Regulation is coming for altcoins. Most of the 17,000 will disappear. This is the s-curve adoption shakeout we as bitcoiners have been warning about for years. SEC Chair Gary Gensler met with the FTC on Wednesday, and again reiterated that bitcoin is NOT a security, but that "Many, I'd say most of the others are securities."
Some folks have suggested that getting designated a security won't affect their coin or protocol. They are terribly mistaken. This designation means you have to follow the established legal framework for securities:
You can't transfer a security to someone that is not registered to receive securities. If you do, in order to redeem it they must register. Otherwise you can transfer them freely as they are a property, but only to persons or institutions registered. International sales have their own sets of rules.
You cannot issue coins or tokens. This requires form S-3.
Insiders/Devs/DAO's cannot sell their securities without a form S-4. More importantly, they can no longer trade on material action before the public knows, which is an enormous problem currently, especially amongst exchanges. This is a crime if you are trading securities.
And so on. There is no effort to rewrite American securities laws to accommodate the unique properties of crypto, which instead will meet the burden by complying with the rigor and legal framework everything else does.
The coins-tokens-protocols that get designated securities don't have to comply of course. If they don't want to change their protocol, register their brass, and create a hierarchical chain of command for reporting, then:
They'll be delisted by every centralized exchange within 90 days
All their wallets/apps will be deleted from Apple and Google Play
No taxpaying company will accept them as payment
Promoting the ticker or coin in any way will be a crime
All major stablecoins will cease to operate within their protocols--and this might be the most insurmountable obstacle, because 85% of ALL altcoin volume is from stablecoins. That means nothing inside an alt protocol has established itself as money--except for stablecoins
If these projects were decentralized and impairment resistant to begin with, none of this would be happening. They just couldn't avoid those pre-mines for money though. Their founders loved the spotlight too. If they at least had fixed issuance, they could mitigate some of their problems. But besides BTC, few projects come to mind that can circumvent all these travails; the leading privacy coin certainly can; but even the coin beginning with Lite and the one represented by a dog symbol could be in danger of getting this black securities label. If delisted, the only real way to acquire these zombified things would be to take something that isn't a security (like BTC), transfer it to a DEX, then swap into it. Point is, getting designated a security is effectively a date with gravity from the 50th floor, because you are now in the sandbox with the same rules real public companies, real bonds, and real products must adhere to. Can your vaporware compete? Because if you're not money, what are you exactly? Nothing. You're an orgy of swaps, wraps, burns, mints, and stakes run by centralized dapps that do nothing but optimize token interactions to keep the orgy going. Here's a better way to say this: If your dapp is a centralized registered security with full KYC, why does it need a blockchain exactly? To shill its speculative token. There's no real business or service there.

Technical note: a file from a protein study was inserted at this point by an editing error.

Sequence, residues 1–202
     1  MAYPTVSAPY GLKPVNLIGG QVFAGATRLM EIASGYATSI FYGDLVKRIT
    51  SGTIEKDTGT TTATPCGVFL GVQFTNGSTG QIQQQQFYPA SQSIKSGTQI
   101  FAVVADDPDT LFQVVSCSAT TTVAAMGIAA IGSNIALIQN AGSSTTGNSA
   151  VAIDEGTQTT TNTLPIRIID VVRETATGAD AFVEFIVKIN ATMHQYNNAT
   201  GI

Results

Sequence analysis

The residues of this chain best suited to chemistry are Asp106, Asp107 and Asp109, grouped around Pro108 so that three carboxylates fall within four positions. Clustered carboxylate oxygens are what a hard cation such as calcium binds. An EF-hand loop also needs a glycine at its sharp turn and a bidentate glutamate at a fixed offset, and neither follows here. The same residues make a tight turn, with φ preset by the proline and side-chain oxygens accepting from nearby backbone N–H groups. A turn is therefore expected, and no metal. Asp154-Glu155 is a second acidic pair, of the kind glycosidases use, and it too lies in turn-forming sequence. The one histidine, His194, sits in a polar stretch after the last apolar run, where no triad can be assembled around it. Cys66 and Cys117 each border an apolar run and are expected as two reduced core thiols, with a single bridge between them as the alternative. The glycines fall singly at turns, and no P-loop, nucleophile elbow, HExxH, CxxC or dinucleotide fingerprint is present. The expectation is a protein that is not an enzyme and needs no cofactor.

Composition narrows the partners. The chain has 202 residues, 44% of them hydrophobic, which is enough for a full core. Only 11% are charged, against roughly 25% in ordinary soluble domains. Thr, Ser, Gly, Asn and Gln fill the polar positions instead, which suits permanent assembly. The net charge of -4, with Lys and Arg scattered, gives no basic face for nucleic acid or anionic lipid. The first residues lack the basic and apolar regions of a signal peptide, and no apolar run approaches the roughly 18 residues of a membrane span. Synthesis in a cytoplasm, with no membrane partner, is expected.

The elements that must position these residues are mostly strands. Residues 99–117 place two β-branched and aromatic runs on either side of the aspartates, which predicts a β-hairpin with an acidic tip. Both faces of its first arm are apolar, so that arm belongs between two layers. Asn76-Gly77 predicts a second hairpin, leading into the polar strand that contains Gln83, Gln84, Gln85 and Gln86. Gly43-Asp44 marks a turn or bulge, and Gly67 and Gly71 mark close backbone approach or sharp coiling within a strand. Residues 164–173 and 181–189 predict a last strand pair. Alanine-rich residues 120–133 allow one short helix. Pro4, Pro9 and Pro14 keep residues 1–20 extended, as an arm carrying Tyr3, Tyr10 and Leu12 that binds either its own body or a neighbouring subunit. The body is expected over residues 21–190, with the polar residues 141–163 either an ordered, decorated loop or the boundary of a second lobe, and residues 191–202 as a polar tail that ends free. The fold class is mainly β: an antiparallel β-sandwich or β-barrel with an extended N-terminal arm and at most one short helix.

Exchanges don't have profitable business models without a robust (expletive)coin market. Bitcoin isn't something they can control and the open source tech around it is a race to zero. Add in the fact that BTC has established itself as money, and you'll see a nascent circular economy already growing around BTC. When it gets big enough (goods services sold in BTC), then exchanges are really no longer necessary. So maybe they'll spin-off the bitcoin business, miners might acquire them, exchanges might consolidate, who knows. I do know the days of easy money are gone.
I think Gary Gensler is a bit naive on what these security designations will do to these protocols that heretofore have been hiding behind the word decentralization and acting like they're going to do something of value someday. He also doesn't understand fully what impact it will have on exchanges either. Bitcoiners are smiling of course, because two birds are getting hit with one stone. Centralized bitcoin-only exchanges (and apps) like Block's CashApp, Strike, Swan, etcetera won't be burdened with any of this extra paperwork, insurance costs, lawsuits, lawyers, or blockchain forensic add-ons.
My dark maximalism really starts sweating through my shirt thinking about the bloody mess of red ink we'll be mopping up though.
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